Wednesday, February 18, 2015
"Cinder" - when a Fairy Tale is Post-Apocalyptic
Then I saw the cover and realize that I have seen it pop up here and there, I just never looked at it closely enough to catch the science fiction elements. Let's be honest, when you're scrolling past thumbnails, what sticks out to you isn't the ghostly mechanical bones, it's the bright red shoe. This makes it easy to write off as "just another fairy tale retelling of Cinderella" and move on. Which is a real shame because "Cinder" by Marissa Meyer is something special.
Cinder is the best mechanic in New Bejing, but she has a secret - she's a cyborg, and in her post World War IV society, cyborgs are lower class citizens. In fact, they're so despised that they're forced to be test subjects for the scientists racing to find a cure for the worldwide plague. But when her stepmother hands her over to the testing program, Cinder finds herself caught up in a conspiracy that goes beyond our atmosphere.
I woke up at 4:00am yesterday and couldn't get back to sleep, so I picked up this book for $2.99 on Amazon and couldn't put it down. Two hours later I was 60% of the way through this 400 page book and had to force myself to get some more sleep. Last night I finished it and rushed on to the next book of the series, which brings in Little Red Riding Hood alongside the existing cast (she's a French farm girl in a red hoodie and she rocks).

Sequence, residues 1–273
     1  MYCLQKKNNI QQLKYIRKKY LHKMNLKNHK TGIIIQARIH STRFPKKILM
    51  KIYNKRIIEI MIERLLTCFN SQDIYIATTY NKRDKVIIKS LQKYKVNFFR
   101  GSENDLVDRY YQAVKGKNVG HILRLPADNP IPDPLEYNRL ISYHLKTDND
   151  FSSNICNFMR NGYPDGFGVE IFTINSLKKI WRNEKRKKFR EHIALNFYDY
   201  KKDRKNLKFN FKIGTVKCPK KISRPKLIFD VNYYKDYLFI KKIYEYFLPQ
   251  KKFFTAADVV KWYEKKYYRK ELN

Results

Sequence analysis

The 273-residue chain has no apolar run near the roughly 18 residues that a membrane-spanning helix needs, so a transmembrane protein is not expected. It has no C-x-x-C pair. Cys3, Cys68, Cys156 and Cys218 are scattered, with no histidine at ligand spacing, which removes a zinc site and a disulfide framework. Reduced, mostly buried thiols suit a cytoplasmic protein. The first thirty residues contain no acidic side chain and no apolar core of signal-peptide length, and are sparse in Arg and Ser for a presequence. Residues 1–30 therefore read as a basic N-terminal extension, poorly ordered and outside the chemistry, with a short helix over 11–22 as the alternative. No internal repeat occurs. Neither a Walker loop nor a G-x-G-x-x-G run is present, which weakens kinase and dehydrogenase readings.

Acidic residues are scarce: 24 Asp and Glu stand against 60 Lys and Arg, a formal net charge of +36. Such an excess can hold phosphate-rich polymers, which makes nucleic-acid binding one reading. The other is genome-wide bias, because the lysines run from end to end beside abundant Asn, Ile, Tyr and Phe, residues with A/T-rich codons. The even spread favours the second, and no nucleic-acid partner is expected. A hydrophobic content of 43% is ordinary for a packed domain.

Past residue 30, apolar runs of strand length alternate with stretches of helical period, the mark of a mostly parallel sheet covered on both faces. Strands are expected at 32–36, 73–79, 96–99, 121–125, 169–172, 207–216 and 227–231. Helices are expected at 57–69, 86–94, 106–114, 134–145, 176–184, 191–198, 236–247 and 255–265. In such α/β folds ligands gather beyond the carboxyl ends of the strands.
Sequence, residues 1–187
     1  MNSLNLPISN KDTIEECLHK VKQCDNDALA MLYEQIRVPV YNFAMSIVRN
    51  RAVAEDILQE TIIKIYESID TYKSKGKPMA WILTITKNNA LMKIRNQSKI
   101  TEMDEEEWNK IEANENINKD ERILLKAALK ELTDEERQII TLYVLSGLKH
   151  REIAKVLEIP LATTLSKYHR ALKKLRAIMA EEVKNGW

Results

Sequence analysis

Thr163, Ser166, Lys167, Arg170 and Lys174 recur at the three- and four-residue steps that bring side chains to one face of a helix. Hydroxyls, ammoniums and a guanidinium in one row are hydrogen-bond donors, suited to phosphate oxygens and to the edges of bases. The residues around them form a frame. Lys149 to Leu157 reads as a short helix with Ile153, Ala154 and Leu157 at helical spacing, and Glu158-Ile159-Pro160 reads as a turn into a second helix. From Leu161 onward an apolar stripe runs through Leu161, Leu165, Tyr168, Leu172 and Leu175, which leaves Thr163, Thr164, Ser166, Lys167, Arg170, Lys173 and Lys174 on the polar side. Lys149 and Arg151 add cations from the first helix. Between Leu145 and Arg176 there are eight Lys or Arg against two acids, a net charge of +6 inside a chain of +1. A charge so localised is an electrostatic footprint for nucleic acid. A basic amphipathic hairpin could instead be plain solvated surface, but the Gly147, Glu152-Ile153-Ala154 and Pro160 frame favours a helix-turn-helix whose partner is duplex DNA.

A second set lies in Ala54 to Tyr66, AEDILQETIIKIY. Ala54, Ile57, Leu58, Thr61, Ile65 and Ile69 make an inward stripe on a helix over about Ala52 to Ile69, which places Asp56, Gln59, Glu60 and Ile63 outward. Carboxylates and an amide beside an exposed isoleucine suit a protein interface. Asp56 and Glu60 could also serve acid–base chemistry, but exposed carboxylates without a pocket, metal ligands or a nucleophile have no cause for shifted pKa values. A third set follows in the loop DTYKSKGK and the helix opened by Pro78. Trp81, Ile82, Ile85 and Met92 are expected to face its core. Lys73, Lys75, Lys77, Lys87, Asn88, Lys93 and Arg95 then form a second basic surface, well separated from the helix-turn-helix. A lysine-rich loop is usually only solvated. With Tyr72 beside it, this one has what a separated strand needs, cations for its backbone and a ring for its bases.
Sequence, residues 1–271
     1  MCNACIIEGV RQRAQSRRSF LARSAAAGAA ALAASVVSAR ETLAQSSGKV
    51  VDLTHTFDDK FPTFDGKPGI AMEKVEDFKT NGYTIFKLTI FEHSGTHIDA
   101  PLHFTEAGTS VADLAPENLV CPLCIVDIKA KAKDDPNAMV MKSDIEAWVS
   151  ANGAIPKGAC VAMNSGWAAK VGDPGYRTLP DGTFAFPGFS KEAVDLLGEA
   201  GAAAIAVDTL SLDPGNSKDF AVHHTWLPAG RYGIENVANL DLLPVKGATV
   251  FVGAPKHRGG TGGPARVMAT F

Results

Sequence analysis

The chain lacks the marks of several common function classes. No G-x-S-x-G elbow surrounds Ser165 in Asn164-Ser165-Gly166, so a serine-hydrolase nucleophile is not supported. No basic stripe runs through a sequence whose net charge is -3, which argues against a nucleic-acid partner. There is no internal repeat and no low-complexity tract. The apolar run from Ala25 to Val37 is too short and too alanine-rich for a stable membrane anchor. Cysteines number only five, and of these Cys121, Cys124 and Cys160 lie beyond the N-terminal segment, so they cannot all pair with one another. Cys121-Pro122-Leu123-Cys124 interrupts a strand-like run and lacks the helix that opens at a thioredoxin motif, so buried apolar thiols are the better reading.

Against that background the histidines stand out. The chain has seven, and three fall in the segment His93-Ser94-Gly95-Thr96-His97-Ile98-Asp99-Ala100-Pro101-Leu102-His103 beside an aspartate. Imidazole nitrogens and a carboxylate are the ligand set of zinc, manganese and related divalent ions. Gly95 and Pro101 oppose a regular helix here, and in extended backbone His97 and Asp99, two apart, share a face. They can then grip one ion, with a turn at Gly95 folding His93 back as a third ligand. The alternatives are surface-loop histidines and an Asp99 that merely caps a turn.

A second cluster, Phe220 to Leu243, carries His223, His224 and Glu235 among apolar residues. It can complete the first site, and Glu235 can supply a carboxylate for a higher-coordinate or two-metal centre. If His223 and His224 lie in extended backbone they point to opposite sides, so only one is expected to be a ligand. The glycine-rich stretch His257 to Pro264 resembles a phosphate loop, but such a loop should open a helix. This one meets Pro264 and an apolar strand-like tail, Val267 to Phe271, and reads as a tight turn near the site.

Oh yeah, it's a series. And thankfully book four just came out, because I'm enjoying "Scarlet" just as much as I did "Cinder" and according to my sister, book three is just as good. Let's see if I can make them last until the end of the week!
Meyer's writing is tight, her plot is action packed, her characters well-rounded, and her mysteries intriguing (book one I could predict, but book two is more mysterious). It is definitely one of the best Fairy Tale retellings I've read and should be enjoyed even by fans who don't normally venture into the Science Fiction genre (If you can handle the Hunger Games, you can handle the science here).
(I've also reviewed Meyer's Wonderland story - "Heartless")